Historically, family businesses in the Middle East have approached succession in an unstructured way with the more junior family members rarely questioning the decisions of their parents and older relatives. The culture of addressing conflicts only as and when they arise has created a landscape in which 95% of family businesses struggle to remain profitable going into the third generation. Family businesses, being so important to the Middle Eastern economy, alongside the historic volume of wealth that is now in transition, means that such levels of decline could have implications for the growth outlook of the region.

The stability of these businesses is, therefore, crucial for the economic health of the countries in question, making companies’ succession plans a matter of public interest.
Last year, Dubai's Crown Prince, H.H. Sheikh Hamdan bin Mohammed bin Rashid Al Maktoum, committed to focusing on the long-term viability of family businesses as a means of attracting new global economic opportunities. To further this, the UAE enacted a family business ownership governance law that aims to bolster the economic contributions of family businesses and streamline succession planning. The new laws align with global standards, formalising the business structure for these enterprises, and restricts share sales outside the family without internal approval.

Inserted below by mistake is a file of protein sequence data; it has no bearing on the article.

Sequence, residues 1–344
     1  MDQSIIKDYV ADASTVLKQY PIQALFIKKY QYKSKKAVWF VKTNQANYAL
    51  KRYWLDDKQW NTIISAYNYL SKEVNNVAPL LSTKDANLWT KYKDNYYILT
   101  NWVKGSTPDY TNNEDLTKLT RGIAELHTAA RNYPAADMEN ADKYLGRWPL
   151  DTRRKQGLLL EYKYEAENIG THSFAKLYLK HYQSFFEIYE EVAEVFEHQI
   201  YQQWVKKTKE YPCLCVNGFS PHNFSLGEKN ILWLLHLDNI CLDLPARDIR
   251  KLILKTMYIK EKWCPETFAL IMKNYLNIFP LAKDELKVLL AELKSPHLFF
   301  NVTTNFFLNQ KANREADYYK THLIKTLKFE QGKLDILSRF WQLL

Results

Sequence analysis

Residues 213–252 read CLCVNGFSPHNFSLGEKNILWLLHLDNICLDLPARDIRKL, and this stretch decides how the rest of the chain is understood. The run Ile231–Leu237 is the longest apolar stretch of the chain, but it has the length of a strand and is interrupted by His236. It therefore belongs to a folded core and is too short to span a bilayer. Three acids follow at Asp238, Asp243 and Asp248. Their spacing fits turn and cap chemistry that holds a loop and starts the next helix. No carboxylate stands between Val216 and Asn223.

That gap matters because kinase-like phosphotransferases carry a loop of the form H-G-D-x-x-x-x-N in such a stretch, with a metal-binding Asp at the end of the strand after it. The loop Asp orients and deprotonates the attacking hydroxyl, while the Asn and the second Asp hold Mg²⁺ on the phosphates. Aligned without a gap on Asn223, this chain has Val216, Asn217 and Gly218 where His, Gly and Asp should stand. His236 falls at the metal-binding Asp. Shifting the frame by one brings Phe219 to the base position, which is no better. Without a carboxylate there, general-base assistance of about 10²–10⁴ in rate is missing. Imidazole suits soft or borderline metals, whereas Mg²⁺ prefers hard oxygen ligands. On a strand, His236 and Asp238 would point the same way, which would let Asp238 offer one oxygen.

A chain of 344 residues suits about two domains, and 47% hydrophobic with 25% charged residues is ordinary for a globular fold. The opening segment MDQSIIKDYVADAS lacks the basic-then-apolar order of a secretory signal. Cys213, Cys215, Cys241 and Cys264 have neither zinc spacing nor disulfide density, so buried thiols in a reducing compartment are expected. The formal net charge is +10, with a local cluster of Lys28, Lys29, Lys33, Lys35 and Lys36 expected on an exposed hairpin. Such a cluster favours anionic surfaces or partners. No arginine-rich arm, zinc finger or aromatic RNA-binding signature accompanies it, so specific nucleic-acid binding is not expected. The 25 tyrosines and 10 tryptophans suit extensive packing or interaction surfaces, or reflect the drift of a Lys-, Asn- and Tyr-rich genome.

Integrating next-gen values

It is increasingly common for wealthy Middle Eastern families to educate their children in the US, UK, or Europe. As a result, new family business leaders tend to be more globally connected than their parents or predecessors. They bring to the boardroom more diverse views on wealth and investments, often with a passion for tech, ESG, philanthropy and impact.

A survey carried out by Stamford Business school last year, found that approximately two-thirds of millennial and Gen Z investors are very concerned about environmental and social issues and are willing to sacrifice 6-10% of their financial return for long-term social and/or environmental outcomes. In contrast, about two-thirds of investors aged 58 and older are only somewhat or not concerned about these issues and are unwilling to sacrifice any investment returns for non-financial gains. In the Middle East, founders – typically educated within the region – hold differing financial values to their children and, therefore, find it challenging to relinquish control to a generation with such different perspectives.